also in the mien and bearing of the
splendid creature who stood looking at him while Ta-den explained the
circumstances of their meeting. "And I believe, Om-at," concluded the
Ho-don, "that he seeks Tarzan the Terrible."
At the sound of that name, the first intelligible word that had fallen
upon the ears of the stranger since he had come among them, his face
lightened. "Tarzan!" he cried, "Tarzan of the Apes!" and by signs he
tried to tell them that it was he whom he sought.
They understood, and also they guessed from the expression of his face
that he sought Tarzan from motives of affection rather than the
reverse, but of this Om-at wished to make sure. He pointed to the
stranger's knife, and repeating Tarzan's name, seized Ta-den and
pretended to stab him, immediately turning questioningly toward the
The latter shook his head vehemently and then first placing a hand
above his heart he raised his palm in the symbol of peace.
"He is a friend of Tarzan-jad-guru," exclaimed Ta-den.
"Either a friend or a great liar," replied Om-at.
"Tarzan," continued the stranger, "you know him? He lives? O God, if I
could only speak your language." And again reverting to sign language
he sought to ascertain where Tarzan was. He would pronounce the name
and point in different directions, in the cave, down into the gorge,
back toward the mountains, or out upon the valley below, and each time
he would raise his brows questioningly and voice the universal "eh?" of
interrogation which they could not fail to understand. But always Om-at
shook his head and spread his palms in a gesture which indicated that
while he understood the question he was ignorant as to the whereabouts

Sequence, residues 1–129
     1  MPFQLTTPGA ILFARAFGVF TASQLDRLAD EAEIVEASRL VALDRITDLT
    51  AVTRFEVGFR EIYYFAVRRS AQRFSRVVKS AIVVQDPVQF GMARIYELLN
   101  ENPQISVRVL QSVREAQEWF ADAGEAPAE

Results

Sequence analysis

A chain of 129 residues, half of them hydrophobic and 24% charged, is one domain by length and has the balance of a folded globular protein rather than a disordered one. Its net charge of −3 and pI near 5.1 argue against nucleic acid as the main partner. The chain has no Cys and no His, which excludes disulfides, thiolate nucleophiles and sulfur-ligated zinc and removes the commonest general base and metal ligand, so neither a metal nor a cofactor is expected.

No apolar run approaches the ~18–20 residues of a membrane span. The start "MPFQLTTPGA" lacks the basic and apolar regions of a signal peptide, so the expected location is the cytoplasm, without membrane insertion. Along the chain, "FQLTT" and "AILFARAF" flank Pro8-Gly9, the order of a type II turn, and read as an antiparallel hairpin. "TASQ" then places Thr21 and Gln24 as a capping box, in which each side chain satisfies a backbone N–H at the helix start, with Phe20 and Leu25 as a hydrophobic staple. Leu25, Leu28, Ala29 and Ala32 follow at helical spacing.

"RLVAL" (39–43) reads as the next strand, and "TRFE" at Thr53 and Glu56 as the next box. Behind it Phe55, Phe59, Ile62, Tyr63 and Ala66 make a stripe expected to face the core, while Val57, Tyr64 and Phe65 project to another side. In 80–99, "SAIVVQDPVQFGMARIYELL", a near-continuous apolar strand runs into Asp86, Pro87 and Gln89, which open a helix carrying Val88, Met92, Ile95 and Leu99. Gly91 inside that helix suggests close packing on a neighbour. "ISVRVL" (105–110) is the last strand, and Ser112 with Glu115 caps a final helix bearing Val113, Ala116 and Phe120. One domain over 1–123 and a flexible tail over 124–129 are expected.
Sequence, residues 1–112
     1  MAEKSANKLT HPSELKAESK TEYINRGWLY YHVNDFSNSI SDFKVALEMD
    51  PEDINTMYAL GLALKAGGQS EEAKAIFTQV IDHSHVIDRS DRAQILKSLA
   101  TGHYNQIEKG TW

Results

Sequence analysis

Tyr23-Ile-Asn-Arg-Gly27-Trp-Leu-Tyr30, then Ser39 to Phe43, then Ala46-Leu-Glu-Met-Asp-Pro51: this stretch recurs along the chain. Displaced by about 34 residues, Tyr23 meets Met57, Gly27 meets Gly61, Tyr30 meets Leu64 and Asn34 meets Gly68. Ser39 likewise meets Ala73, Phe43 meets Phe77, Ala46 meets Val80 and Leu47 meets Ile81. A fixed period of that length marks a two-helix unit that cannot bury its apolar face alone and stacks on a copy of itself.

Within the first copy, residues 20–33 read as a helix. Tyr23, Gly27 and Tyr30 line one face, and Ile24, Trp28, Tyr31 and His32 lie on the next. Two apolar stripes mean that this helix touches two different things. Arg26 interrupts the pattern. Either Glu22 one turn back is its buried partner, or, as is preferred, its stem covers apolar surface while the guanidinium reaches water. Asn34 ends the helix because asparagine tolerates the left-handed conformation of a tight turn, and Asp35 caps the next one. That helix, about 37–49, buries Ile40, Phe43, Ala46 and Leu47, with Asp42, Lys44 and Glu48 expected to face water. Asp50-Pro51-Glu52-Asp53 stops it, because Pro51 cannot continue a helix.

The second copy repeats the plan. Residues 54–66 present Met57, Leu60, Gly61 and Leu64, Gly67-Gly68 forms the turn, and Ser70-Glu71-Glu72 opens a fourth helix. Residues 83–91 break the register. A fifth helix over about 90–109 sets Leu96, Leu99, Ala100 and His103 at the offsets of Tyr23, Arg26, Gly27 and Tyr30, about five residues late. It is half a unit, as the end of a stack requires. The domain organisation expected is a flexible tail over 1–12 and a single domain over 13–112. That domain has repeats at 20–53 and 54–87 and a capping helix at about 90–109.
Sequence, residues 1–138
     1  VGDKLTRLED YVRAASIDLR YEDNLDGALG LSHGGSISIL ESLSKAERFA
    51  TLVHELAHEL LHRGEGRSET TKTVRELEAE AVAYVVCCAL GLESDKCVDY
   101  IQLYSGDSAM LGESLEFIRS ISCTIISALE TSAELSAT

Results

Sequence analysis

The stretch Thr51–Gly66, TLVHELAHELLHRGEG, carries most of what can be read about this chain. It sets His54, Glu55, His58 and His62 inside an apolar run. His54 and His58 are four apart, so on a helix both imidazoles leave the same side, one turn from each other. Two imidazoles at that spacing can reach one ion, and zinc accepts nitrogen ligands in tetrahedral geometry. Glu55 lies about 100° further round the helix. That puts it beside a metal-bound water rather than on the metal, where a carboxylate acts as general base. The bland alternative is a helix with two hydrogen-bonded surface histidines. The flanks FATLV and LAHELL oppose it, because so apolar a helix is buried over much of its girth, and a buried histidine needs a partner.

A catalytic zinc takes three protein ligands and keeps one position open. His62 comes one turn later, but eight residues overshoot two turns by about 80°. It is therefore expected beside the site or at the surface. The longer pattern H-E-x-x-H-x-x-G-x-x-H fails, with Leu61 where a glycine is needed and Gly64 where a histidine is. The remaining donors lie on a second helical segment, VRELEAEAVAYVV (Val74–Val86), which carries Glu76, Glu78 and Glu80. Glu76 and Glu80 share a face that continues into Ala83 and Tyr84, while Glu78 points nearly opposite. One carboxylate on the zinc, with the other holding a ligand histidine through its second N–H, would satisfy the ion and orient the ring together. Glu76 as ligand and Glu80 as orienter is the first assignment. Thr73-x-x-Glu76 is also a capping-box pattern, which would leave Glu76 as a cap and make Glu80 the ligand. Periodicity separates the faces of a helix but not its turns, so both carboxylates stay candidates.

of the ape-man, and then the black chief attempted as best he might to
explain to the stranger what he knew of the whereabouts of Tarzan.
He called the newcomer Jar-don, which in the language of Pal-ul-don
means "stranger," and he pointed to the sun and said _as_. This he
repeated several times and then he held up one hand with the fingers
outspread and touching them one by one, including the thumb, repeated
the word adenen until the stranger understood that he meant five. Again
he pointed to the sun and describing an arc with his forefinger
starting at the eastern horizon and terminating at the western, he
repeated again the words as adenen. It was plain to the stranger that
the words meant that the sun had crossed the heavens five times. In
other words, five days had passed. Om-at then pointed to the cave
my Tarzan? Would it repay the services you did me in Africa? I do not forget, my friend, that but for you and your wondrous bravery I had died at the stake in the village of Mbonga's cannibals.Page 19
The life was a new and alluring one, and in addition he had a sorrow in his breast and a great longing which he knew could never be fulfilled, and so he sought in study and in dissipation--the two extremes--to forget the past and inhibit contemplation of the future.Page 57
"In the meantime shove everything in the room against that door--it may delay them long enough.Page 66
He is about to set out upon one of his interminable cruises in that yacht of his, and was urging the entire party to accompany him.Page 73
As quick as was EL ADREA, Tarzan of the Apes was quicker, and so the great beast crashed against a tree where he had expected to feel the soft flesh of man, while Tarzan, a couple of paces to the right, pumped another bullet into him that brought him clawing and roaring to his side.Page 76
There he was fed, and then, securely bound, was left lying on a piece of native carpet, alone in the tent.Page 90
Behind Miss Porter hovered the motherly Esmeralda.Page 98
Miss Strong was mildly curious, for Mr.Page 103
a very dear friend.Page 104
It's to take Mrs.Page 111
The door was still closed and latched as he and D'Arnot had left it.Page 112
A noose settled about Horta's neck.Page 119
For weeks Tarzan lived with his savage friends, hunting buffalo, antelope, and zebra for meat, and elephant for ivory.Page 131
Presently a Manyuema forged ahead of his companions; there was none to see from what direction death came, and so it came quickly, and a moment later those behind stumbled over the dead body of their comrade--the inevitable arrow piercing the still heart.Page 133
Swiftly and surely life was being choked from him.Page 145
" "Better leave well enough alone," grumbled Wilson.Page 170
Philander, will result in an irreparable delay, for I was just rowing over to obtain this pamphlet.Page 172
Clayton, all unconscious of the lurking death behind him, strode out into the open toward Jane.Page 191
food for both.Page 204
He knew that he was forgiven.